Index to Chiropractic Literature
Index to Chiropractic Literature
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ID 19721
Title Upper cervical chiropractic care for a nine-year-old male with Tourette Syndrome, Attention Deficit Hyperactivity Disorder, depression, asthma, insomnia, and headaches: a case report
URL http://www.vertebralsubluxationresearch.com
Journal J Vert Sublux Res. 2003 ;JUL(12):Online access only, 5 p.
Author(s)
Subject(s)
Peer Review Yes
Publication Type Case Report
Abstract/Notes Objective: To review the effectiveness of chiropractic care using an upper cervical technique in the case of a nine-year old male who presented with Tourette Syndrome (TS), Attention Deficit Hyperactivity Disorder (ADHD), depression, asthma, insomnia, and headaches.

Clinical Features: This nine-year-old boy suffered from asthma and upper respiratory infections since infancy; headaches since age 6; TS, ADHD, depression and insomnia since age 7; and neck pain since age 8. His mother reported the use of forceps during his delivery. His medications included Albuterol, Depakote, Wellbutrin, and Adderall. Intervention: During the patient’s initial examination, evidence of a subluxation stemming from the upper cervical spine was found through thermographic and radiographic diagnostics. Chiropractic care using an upper cervical technique was administered to correct and stabilize the patient’s upper neck injury. Diagnostics and care were performed in accordance with the guidelines of the International Upper Cervical Chiropractic Association.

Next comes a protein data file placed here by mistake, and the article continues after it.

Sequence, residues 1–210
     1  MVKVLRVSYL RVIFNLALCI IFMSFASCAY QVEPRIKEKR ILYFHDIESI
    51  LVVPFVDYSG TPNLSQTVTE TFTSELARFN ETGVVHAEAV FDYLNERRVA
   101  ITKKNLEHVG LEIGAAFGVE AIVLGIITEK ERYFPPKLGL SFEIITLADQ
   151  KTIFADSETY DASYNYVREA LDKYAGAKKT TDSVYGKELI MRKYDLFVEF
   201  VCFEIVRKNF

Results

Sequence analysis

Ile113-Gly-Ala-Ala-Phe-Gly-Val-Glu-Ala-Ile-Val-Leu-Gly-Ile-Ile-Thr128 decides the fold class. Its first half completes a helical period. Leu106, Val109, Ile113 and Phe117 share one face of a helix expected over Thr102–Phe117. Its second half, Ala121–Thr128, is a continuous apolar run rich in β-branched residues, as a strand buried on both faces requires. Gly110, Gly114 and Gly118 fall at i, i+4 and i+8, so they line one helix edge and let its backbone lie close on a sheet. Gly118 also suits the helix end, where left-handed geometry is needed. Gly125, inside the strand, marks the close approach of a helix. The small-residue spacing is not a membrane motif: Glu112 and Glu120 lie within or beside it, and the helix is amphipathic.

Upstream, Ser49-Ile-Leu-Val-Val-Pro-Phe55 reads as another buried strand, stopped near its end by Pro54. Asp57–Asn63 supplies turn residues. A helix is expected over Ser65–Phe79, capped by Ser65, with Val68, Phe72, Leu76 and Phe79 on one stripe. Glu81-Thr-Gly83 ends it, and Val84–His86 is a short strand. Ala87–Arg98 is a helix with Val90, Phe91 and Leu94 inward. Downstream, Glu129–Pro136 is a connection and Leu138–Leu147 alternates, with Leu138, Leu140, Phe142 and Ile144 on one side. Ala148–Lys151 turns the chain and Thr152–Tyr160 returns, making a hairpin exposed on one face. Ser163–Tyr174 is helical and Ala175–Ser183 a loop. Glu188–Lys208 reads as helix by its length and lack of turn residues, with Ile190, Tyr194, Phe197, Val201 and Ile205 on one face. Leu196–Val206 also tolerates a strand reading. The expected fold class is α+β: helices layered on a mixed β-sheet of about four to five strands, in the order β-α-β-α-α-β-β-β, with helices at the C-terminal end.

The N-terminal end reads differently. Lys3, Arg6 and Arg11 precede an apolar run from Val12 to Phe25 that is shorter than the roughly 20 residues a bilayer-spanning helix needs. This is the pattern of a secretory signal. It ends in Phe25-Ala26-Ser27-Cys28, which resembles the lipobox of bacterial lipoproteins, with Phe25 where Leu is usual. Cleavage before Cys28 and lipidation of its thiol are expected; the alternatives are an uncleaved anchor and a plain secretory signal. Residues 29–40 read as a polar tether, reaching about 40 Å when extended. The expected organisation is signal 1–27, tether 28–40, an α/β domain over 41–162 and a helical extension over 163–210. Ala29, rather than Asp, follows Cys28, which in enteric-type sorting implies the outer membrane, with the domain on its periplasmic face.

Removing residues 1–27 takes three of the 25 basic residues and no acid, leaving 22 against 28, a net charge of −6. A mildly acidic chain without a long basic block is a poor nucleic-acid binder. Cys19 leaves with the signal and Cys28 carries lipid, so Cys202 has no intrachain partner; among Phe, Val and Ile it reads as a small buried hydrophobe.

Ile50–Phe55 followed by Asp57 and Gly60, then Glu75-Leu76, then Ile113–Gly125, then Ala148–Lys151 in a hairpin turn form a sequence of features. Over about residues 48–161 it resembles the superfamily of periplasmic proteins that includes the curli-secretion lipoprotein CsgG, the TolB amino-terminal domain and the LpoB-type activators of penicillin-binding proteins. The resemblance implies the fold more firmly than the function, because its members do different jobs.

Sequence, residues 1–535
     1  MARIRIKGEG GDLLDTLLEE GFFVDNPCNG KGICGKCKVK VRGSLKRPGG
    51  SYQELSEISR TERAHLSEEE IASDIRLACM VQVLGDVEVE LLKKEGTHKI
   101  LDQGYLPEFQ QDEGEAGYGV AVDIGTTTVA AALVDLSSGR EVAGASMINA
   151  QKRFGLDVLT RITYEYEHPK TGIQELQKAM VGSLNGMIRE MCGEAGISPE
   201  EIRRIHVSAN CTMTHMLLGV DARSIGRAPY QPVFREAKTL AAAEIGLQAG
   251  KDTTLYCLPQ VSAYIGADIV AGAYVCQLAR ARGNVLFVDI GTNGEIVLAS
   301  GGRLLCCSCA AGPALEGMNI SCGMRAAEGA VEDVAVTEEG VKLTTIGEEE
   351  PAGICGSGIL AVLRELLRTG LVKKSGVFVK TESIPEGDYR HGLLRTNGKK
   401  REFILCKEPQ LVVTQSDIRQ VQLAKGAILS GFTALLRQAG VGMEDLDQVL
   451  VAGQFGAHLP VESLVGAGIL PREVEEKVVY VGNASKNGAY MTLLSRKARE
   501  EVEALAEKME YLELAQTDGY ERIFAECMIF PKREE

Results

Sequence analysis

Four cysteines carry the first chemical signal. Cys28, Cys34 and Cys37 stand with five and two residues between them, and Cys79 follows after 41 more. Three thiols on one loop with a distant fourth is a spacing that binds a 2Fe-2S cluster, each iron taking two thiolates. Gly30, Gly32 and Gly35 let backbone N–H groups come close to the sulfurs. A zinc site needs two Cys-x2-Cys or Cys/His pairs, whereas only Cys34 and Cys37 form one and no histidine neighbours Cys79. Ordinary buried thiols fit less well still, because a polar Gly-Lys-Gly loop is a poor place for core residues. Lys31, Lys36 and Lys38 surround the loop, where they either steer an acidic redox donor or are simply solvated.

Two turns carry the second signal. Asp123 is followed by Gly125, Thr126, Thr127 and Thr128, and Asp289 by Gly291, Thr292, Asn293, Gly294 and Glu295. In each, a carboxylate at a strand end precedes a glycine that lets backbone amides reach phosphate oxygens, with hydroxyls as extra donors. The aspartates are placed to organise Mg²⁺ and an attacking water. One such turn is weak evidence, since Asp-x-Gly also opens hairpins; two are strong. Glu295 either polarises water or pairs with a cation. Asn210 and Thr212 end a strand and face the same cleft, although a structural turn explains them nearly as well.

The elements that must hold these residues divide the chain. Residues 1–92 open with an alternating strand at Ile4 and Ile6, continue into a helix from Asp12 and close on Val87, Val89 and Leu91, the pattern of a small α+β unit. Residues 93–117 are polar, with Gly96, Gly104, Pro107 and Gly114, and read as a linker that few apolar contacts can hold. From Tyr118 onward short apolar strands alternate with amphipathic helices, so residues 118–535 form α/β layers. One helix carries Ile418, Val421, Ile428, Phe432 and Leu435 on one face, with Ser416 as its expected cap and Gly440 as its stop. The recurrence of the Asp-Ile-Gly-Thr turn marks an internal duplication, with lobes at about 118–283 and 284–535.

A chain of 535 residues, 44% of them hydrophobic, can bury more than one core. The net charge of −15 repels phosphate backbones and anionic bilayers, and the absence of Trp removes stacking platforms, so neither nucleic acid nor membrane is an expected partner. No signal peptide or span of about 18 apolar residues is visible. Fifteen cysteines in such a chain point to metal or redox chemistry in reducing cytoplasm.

Outcome: Evaluation of the patient’s condition occurred through doctor’s observation, patient’s and parents’ subjective description of symptoms, and thermographic scans. After six weeks of care, all six conditions were no longer present and all medications were discontinued with the exception of a half-dose of Wellbutrin. At the conclusion of his case at five months, all symptoms remained absent.

Conclusion: The onset of symptoms soon after the boy’s delivery; the immediate reduction in symptoms correlating with the initiation of care; and the complete absence of symptoms within six weeks of care; suggest a link between the patient’s traumatic birth, the upper cervical subluxation, and his neurological conditions. Further investigation into upper cervical trauma as a contributing factor to Tourette Syndrome, ADHD, depression, insomnia, headaches, and asthma should be pursued.

This abstract is reproduced with the permission of the publisher; full text by subscription.

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